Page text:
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Market Choice and Requirements of the Market

Supermarket Lamb Requirements and Standards

The carcass weight of lamb sold in supermarkets is often expected to fall between 45 and 55 kilogrammes.

The fat cover on lamb sold in supermarkets should be uniform and moderate, somewhere between 3 and 5 millimetres for the best possible meat quality.

To ensure softness and quality, lambs should be a certain age, often less than 12 months old. In the supermarket lamb market, male lambs (wethers) are typically chosen due to their higher meat quality.

Broken teeth, dark cutting flesh, and bruising are among defects that should be avoided while purchasing a lamb.

To ensure public health and safety, lambs must be free of communicable illnesses. Consistency: Lamb sold in supermarkets should be of uniform size and quality.

Strategy to Meet Market Specification:

Thomas is able to implement a thorough feeding and management programme on the farm to match the weight range standards for the retail lamb market (Adland et al, 2017). This method is crucial for maximising the economic worth of lambs by ensuring they always fall within the optimal carcass weight range of 45 to 55 kilogrammes.

The following are some of the most important parts of this plan:

Thomas should institute a strict monitoring system, weighing all lambs on the farm on a regular basis (Greenwood et al, 2021). This will provide him accurate information on the growth rate and trajectory of each lamb, allowing him to select those that are getting close to the target weight.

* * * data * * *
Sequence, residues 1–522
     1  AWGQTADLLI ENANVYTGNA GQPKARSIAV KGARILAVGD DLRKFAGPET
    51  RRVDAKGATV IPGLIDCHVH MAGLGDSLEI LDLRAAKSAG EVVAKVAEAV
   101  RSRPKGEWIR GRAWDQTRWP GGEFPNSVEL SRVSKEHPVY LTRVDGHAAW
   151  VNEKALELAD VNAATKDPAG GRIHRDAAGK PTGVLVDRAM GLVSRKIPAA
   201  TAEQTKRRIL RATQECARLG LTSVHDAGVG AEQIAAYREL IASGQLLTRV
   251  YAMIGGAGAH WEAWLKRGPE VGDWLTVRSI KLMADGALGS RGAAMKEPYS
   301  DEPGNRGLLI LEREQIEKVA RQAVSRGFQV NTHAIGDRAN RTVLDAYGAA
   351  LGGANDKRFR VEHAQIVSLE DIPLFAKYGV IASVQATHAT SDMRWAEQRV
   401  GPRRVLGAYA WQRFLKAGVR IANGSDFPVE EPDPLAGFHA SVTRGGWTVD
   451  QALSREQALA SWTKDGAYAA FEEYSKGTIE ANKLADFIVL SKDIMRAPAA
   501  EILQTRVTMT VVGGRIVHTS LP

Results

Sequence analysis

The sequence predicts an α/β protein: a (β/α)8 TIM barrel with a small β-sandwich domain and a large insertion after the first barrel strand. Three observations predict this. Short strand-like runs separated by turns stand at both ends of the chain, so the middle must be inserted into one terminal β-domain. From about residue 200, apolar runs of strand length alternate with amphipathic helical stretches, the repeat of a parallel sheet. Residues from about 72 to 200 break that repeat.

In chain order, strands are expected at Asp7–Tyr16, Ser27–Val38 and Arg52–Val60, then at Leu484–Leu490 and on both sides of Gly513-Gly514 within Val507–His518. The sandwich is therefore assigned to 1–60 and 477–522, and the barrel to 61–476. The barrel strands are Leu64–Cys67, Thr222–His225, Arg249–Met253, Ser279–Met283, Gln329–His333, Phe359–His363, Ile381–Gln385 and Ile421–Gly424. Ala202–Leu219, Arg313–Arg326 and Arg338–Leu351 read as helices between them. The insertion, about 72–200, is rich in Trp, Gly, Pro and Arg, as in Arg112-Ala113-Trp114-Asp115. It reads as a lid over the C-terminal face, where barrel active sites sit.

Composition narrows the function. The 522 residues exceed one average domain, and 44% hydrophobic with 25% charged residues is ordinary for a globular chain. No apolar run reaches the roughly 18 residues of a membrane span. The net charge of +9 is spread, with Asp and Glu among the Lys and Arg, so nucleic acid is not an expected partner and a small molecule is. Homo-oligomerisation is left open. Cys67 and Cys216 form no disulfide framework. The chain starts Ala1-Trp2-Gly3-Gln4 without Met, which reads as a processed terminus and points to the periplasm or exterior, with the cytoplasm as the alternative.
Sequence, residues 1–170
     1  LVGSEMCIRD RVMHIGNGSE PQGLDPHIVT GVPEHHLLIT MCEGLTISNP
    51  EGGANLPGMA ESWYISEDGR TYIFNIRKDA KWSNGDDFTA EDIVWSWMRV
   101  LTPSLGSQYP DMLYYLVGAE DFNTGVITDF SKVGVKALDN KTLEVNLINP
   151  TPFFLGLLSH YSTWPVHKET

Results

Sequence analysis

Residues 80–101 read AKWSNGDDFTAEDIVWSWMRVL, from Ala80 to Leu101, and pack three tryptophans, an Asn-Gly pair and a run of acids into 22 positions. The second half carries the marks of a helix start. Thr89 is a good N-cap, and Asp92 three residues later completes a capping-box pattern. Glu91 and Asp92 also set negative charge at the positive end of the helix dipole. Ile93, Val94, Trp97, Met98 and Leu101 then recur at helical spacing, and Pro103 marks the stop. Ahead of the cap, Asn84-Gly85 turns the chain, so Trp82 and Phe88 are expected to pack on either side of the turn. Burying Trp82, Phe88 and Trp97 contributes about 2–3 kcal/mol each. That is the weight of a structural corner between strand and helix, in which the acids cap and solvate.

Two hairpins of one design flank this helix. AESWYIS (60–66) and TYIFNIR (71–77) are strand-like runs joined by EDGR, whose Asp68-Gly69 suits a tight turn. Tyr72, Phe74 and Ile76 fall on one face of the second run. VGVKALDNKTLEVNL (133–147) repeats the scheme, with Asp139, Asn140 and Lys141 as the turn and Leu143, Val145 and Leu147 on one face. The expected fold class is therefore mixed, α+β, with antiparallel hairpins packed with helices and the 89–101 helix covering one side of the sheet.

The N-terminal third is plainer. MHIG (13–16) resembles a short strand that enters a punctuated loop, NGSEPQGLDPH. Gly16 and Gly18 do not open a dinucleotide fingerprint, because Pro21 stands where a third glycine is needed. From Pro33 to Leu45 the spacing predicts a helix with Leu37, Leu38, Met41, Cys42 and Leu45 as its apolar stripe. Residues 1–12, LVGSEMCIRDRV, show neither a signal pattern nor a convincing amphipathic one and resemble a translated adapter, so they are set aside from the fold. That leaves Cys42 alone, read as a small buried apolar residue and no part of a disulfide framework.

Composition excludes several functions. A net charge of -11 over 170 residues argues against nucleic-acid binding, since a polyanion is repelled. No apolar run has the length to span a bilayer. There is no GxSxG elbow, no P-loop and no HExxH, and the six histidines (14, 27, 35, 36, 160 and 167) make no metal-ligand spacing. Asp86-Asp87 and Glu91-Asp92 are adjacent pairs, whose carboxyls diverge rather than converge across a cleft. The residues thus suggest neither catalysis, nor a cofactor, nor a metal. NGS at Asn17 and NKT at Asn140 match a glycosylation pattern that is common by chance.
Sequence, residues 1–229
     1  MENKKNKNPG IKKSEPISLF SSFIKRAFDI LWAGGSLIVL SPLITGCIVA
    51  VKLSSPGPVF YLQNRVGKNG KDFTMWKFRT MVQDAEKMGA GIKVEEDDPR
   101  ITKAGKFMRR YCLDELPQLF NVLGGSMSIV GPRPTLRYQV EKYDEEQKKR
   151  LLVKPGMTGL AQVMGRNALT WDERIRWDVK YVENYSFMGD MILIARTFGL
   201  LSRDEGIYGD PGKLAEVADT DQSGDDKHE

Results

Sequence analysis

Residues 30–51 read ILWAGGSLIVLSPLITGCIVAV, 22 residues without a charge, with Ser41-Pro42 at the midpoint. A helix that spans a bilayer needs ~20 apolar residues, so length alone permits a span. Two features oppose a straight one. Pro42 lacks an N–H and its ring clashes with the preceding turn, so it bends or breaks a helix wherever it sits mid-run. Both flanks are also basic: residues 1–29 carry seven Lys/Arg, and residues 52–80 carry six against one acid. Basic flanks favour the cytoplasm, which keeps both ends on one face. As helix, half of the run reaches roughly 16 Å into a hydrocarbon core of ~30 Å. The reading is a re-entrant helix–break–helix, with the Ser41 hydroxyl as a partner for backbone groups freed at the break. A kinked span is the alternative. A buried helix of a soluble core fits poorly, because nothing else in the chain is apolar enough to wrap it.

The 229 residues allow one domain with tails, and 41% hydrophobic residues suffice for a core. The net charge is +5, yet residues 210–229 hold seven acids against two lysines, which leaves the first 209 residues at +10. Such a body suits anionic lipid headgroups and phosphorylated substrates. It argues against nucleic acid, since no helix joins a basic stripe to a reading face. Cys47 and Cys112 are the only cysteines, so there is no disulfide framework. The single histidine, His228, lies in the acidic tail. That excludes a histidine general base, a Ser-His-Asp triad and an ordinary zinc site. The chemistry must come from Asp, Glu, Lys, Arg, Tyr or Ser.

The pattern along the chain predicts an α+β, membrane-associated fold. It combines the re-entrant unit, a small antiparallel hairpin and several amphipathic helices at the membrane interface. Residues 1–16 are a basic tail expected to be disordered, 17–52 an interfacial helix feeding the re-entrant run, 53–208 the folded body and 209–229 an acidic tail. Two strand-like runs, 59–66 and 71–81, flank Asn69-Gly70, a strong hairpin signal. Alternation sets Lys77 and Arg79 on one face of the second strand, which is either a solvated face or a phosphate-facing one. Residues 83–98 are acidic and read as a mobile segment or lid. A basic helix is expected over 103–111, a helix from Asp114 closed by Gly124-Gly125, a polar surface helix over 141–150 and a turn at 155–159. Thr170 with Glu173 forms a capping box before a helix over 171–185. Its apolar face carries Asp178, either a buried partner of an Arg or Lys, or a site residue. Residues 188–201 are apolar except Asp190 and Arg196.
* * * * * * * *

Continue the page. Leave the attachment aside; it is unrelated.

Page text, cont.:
Thomas may customise feeding schedules for individual lambs or groups using the weight tracking data. He can restrict access to high-energy feeds and limit grain intake for any lambs who are developing too rapidly and at risk of surpassing the top weight limit. This modification will slow their development and keep them within the healthy weight range.

Thomas may optimise nutrition by consulting with a livestock nutritionist to create food plans tailored to the changing nutritional requirements of lambs at various phases of development (Corno et al, 2020). Feeding lambs a well-balanced diet rich in protein, energy, vitamins, and minerals is essential for keeping their development under control.

Implementing rotational grazing practices can enhance the pasture's nutrient density. By relocating lambs to new grazing sites, more of them will be exposed to the fresh, high-quality fodder necessary for optimal development (Steenkamp et al, 2017). Overgrazing may be avoided and pasture health maintained by rotational grazing.

Thomas can increase the frequency of weigh-ins as lambs move closer to the goal weight range, in addition to the standard weighings. By keeping tabs on their every move, their diets may be fine-tuned to keep their weight where it needs to be.